The Cost Of Doing An Ironman Triathlon

What does it take to do an Ironman Triathlon? Well, it takes courage, strength, passion, belief, training, and commitment. Ohh, it also takes a lot of cash! Since I’ve completed two Ironman races, I can honestly say that Ironman is not a sport for either the severely budget minded or the fiscally challenged. Ironman athletes spend a considerable amount on race fees and lay out some serious cash on equipment. The following is a mind blowing tally of the costs incurred by a prospective Ironman athlete. I’ve arranged my tally in two categories (Budget Athlete and Big Spender) to take into account the large variation in triathlon equipment and prices.

IMC Finisher Medals

Here is a cost tally of Ironman Triathlon:

Swim

The Ironman starts with a 2.4 mi. (3.8 km) swim. So you’ll need some gear to get you though the water. You’ll also need some swimming essentials for training.

Swim Gear Budget Athlete Big Spender
Wetsuit $200 $800
Bathing Suit $65 (X2) $120 (X2)
Goggles $15 $50
Pull Buoys $20 $60
Flippers $20 $75
Swim Caps $3 each (X4) $25 each (X4)
Body Glide $15 $15
Pool Pass $100 per year $500 per year
Master’s Swim $60 per month $100 per month

Budget Athlete Total: $1232
Big Spender Total: $3040


Bike

Ironman requires the athlete to ride 112 mi. (180 km) over varied terrain. To go the distance, you’re going to need a bike. You’re also going to need equipment to maintain the bike, ride the bike, and equip the bike (and racer) for safety. The bike purchase is where an athlete can really blow some big bucks or save a considerable amount by buying used. A huge consideration when buying a bike is what frame material to choose. Options include aluminum, steel, carbon, and titanium. A more economical frame tends to be aluminum while carbon and titanium will cost you big bucks. The key point to remember when buying a bike though is fit. If the bike doesn’t fit you, then it doesn’t matter how much you spent (or didn’t spend) as you will be uncomfortable and likely get injured. Before buying a new or used bike, do yourself a HUGE favor by getting your body measured. Biking 112 mi. (180 km) is not fun if your bike is too big or too small.

Bike Gear Budget Athlete Big Spender
Bike $1500 $8000
Helmet $80 $200
Cycling Shoes $90 $350
Pedals $55 $400
Bike Clothing $500 $1000
Sunglasses $25 $250
Gloves $25 $100
Pump $30 $125
Tools $50 $300
Tubes $2.50 each (X25) $10 each (X25)
Tires $40 each (X4) $200 each (X4)
Chain Lube $5 bottle $10 bottle
Water Bottle $3 each (X6) $25 each (X6)
Club Rides $60 membership $250 membership

Budget Athlete Total: $2660.50
Big Spender Total: $12,185.00


Run

The Ironman run is 26.2 mi. (42.2 km). Yes, this is a full marathon. Despite the challenge of running a marathon, the run segment is probably the most affordable part of a triathlon. I have cut costs in running gear by re-using much of my bike clothing. If you select your bike/run gear carefully, you too can give your gear double duty.

Run Gear Budget Athlete Big Spender
Running Shoes $80 (X4) $200 (X4)
Run Clothing $300 $1000
Run Club $20 per month $100 per month

Budget Athlete Total: $860
Big Spender Total: $3000


Nutrition

Nutrition is really the fourth major segment of an Ironman. To get you through training you have to eat. Most Ironman athletes consume an endless number of drinks, bars, and gels in training. I tend to eat bananas and little sandwiches while riding and running to help ease the nutrition budget. I’ve tried to be conservative in my list. I honestly did not keep a tally of how many sports bars and gels I consumed in preparation for an Ironman race.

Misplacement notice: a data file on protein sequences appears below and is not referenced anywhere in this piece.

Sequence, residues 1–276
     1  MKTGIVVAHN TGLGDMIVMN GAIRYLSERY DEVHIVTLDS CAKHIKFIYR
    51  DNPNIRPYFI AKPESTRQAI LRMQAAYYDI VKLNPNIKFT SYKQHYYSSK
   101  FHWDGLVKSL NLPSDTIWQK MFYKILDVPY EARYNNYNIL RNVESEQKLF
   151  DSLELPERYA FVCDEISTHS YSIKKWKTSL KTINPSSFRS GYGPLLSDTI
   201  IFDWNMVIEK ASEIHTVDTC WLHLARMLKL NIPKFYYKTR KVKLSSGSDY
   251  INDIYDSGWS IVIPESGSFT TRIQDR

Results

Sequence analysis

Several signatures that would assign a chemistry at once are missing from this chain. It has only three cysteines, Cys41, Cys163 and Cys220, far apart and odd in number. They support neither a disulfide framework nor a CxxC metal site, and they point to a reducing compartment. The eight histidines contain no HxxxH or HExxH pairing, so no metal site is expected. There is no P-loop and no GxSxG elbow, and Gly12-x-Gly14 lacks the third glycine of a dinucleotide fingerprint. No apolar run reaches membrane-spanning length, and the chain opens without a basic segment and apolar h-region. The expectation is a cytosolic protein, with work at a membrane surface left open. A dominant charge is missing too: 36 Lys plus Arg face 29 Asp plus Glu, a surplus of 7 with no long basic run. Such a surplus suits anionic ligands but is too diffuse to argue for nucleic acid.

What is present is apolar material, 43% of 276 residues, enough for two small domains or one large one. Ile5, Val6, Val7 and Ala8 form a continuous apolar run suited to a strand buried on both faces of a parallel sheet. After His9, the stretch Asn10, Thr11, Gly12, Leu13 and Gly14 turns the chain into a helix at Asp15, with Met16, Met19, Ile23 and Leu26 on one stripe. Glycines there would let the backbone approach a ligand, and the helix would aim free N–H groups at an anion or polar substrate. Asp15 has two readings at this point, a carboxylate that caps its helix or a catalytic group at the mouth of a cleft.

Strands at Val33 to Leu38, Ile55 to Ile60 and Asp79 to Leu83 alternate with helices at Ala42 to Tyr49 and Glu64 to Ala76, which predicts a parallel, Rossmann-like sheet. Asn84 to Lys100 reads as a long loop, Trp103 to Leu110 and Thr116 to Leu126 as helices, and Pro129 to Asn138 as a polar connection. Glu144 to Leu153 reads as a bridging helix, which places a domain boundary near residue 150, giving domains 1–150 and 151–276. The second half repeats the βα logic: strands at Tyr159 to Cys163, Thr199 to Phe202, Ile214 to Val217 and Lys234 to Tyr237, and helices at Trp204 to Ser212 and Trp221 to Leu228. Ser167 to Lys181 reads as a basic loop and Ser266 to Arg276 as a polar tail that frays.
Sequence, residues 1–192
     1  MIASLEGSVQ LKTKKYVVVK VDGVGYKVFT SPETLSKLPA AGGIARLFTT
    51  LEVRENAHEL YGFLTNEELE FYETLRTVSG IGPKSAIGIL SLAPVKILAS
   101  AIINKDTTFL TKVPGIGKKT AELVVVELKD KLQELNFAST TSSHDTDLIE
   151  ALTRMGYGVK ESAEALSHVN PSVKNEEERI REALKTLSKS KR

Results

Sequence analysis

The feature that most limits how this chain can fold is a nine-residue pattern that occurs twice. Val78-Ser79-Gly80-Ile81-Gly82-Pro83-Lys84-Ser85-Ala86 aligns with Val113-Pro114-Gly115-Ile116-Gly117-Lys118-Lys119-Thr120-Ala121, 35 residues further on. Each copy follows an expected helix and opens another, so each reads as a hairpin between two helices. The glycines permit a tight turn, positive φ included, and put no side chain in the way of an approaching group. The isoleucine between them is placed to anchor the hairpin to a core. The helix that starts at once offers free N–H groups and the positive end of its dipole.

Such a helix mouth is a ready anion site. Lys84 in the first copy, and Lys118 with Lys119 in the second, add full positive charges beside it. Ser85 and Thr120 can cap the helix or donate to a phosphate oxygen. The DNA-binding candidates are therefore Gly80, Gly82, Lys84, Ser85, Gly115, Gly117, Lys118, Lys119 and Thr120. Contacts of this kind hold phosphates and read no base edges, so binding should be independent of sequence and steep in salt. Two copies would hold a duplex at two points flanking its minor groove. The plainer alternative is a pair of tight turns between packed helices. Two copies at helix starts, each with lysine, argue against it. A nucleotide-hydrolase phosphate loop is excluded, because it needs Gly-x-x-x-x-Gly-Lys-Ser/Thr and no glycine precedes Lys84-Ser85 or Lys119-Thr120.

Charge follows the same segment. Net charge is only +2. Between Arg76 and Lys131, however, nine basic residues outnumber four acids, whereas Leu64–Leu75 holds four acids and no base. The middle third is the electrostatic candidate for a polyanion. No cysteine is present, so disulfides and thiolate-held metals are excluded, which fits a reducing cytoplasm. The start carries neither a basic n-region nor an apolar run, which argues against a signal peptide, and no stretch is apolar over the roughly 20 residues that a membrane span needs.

Sports Nutrition Budget Athlete Big Spender
Sports Drink (powder) $50 (X4) $120 (X4)
Bars $2 (X50) $3 (X50)
Gels $2 (X50) $2 (X50)

Budget Athlete Total: $400
Big Spender Total: $730


Medical

Ironman training is very hard on the body. Many athletes require massage and physical therapy just to maintain healthy muscles and joints. Many athletes also suffer from one or more injuries during training and need some medical help. Putting a medical list together is very difficult as each athlete’s needs vary. If you are considering an Ironman, be sure to calculate some massage and physio into your budget. Everyone gets sore and tight muscles.

Medical Costs Budget Athlete Big Spender
Physiotherapy $50 (X12) once a month $50 (X52) once a week
Massage Therapy $50 (X12) once a month $50 (X52) once a week
Orthotics $0 $500

Budget Athlete Total: $1200
Big Spender Total: $5700


Race Event Costs

If you want to play you have to pay. Ironman race day is expensive. Race entry fees alone are a gob smacker to any new athlete looking to fulfill an Ironman dream. Along with travel costs to the event, you also need a place to stay for several days. Much of these race expenses can be avoided if you happen to live in the host race location. Since I don’t live in the host town for Ironman Canada (Penticton B.C.) I’ve had to add this cost to my tally. Fun.

Race Day Budget Athlete Big Spender
Race Fee $500 $500
Hotel $100 (X5 nights) $250 (X5 nights)
Travel to Race $500 $3000

Budget Athlete Total: $1500
Big Spender Total: $4750


Odds and Ends

I have added this category to cover all the extra costs an Ironman athlete may consider. Since I’ve done Yoga, had a trainer, and used a heart rate monitor, I feel the need to list these items. Also, many of my friends have gym memberships for strength training.

Odds Budget Athlete Big Spender
Heart Rate Monitor $50 $400
Race Belt $10 $25
Yoga Classes $0 $500
Trainer/Coach $0 $2000
Gym Membership $0 $2500 per year

Budget Athlete Total: $60

Big Spender Total: $5425


Conclusion

Indeed, Ironman triathlon is a very expensive sport. The good news is once you’ve acquired the gear, the next race is soooo much more affordable. Here’s the total price tally:

Budget Athlete Total: $7,912.50

Big Spender Total: $34,830

Given my own experience, my Ironman costs are closer to the “Budget Athlete Total”. I did save some money by buying used equipment and hitting the winter sales on clothing. However, I am certain I spent closer to 10K for my first Ironman. Despite the cost, I am beyond thrilled to call myself an Ironman Finisher. For me, the cost is moot considering Ironman has always been a lifelong dream. Realizing a dream is priceless.